Hello, Guest

## Browse Standards

View all PreK-12 NYS Learning Standards in a dropdown list format.
• Standard Area - TECH: Learning Standards for Technology
(see MST standards under Previous Standard Versions)
• Introduction - MST4.I.PS5.Introduction:

Examples of objects in motion can be seen all around us. These motions result from an interaction of energy and matter. This interaction creates forces (pushes and pulls) that produce predictable patterns of change. Common forces would include gravity, magnetism, and electricity. Friction is a force that should always be considered in a discussion of motion.

When the forces acting on an object are unbalanced, changes in that object's motion occur. The changes could include a change in speed or a change in direction. When the forces are balanced, the motion of that object will remain unchanged. Understanding the laws that govern motion allows us to predict these changes in motion.

• Major Understandings - MST4.I.PS5.2a:
Every object exerts gravitational force on every other object. Gravitational force depends on how much mass the objects have and on how far apart they are. Gravity is one of the forces acting on orbiting objects and projectiles.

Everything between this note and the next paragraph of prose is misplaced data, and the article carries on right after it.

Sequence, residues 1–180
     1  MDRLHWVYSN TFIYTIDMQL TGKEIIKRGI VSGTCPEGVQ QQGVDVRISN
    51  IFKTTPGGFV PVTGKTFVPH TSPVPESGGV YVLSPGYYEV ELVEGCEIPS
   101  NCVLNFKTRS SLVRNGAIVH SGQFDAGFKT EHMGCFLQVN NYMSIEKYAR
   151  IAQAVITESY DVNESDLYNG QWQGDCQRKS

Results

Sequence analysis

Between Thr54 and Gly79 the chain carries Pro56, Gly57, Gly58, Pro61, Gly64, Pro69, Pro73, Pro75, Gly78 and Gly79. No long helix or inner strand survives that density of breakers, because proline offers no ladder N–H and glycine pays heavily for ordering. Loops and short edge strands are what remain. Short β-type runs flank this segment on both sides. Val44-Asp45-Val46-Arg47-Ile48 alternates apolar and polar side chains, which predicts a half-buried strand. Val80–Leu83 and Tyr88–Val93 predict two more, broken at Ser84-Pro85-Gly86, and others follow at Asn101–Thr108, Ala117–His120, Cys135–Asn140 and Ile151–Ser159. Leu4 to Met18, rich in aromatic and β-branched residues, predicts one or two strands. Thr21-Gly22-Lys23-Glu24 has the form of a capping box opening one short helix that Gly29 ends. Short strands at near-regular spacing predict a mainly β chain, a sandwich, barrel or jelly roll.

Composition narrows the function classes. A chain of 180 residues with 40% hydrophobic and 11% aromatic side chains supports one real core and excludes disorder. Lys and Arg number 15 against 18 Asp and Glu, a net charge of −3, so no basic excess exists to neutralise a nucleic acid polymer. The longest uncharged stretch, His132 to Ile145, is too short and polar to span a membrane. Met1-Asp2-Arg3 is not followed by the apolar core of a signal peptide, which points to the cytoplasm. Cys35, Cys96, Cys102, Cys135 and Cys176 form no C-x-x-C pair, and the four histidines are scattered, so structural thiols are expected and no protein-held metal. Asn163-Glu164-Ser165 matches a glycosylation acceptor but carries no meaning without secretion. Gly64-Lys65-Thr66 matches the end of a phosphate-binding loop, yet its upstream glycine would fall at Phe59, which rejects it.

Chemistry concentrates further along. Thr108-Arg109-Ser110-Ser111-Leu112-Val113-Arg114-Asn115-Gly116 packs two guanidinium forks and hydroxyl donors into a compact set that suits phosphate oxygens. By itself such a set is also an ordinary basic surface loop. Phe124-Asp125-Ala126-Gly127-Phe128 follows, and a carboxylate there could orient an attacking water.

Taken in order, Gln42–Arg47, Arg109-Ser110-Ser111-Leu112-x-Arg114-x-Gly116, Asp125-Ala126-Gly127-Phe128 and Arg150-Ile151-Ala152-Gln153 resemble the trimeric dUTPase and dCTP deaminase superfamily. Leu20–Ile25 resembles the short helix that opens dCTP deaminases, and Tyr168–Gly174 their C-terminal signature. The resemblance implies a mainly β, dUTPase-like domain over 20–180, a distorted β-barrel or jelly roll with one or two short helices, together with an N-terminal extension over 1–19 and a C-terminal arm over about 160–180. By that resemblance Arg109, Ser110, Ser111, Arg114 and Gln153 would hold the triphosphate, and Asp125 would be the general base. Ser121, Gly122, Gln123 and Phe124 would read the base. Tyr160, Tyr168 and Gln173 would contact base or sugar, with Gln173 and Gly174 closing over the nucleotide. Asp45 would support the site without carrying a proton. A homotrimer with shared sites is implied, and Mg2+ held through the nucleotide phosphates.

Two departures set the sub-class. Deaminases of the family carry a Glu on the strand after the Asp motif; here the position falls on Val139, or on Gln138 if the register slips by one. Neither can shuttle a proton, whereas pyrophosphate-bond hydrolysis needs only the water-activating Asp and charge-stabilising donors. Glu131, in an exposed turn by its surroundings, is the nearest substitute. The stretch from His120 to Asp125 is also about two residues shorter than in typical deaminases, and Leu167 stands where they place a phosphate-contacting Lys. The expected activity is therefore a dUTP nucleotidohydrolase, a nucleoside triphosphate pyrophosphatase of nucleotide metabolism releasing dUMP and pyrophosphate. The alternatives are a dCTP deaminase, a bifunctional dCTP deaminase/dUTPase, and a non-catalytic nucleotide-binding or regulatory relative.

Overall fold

• Major Understandings - MST4.I.PS5.2b:
Electric currents and magnets can exert a force on each other.
• Major Understandings - MST4.I.PS5.2c:
Machines transfer mechanical energy from one object to another.
• Major Understandings - MST4.I.PS5.2d:
Friction is a force that opposes motion.
• Major Understandings - MST4.I.PS5.2e:
A machine can be made more efficient by reducing friction. Some common ways of reducing friction include lubricating or waxing surfaces.
• Major Understandings - MST4.I.PS5.2f:
Machines can change the direction or amount of force, or the distance or speed of force required to do work.
• Major Understandings - MST4.I.PS5.2g:
Simple machines include a lever, a pulley, a wheel and axle, and an inclined plane. A complex machine uses a combination of interacting simple machines, e.g., a bicycle.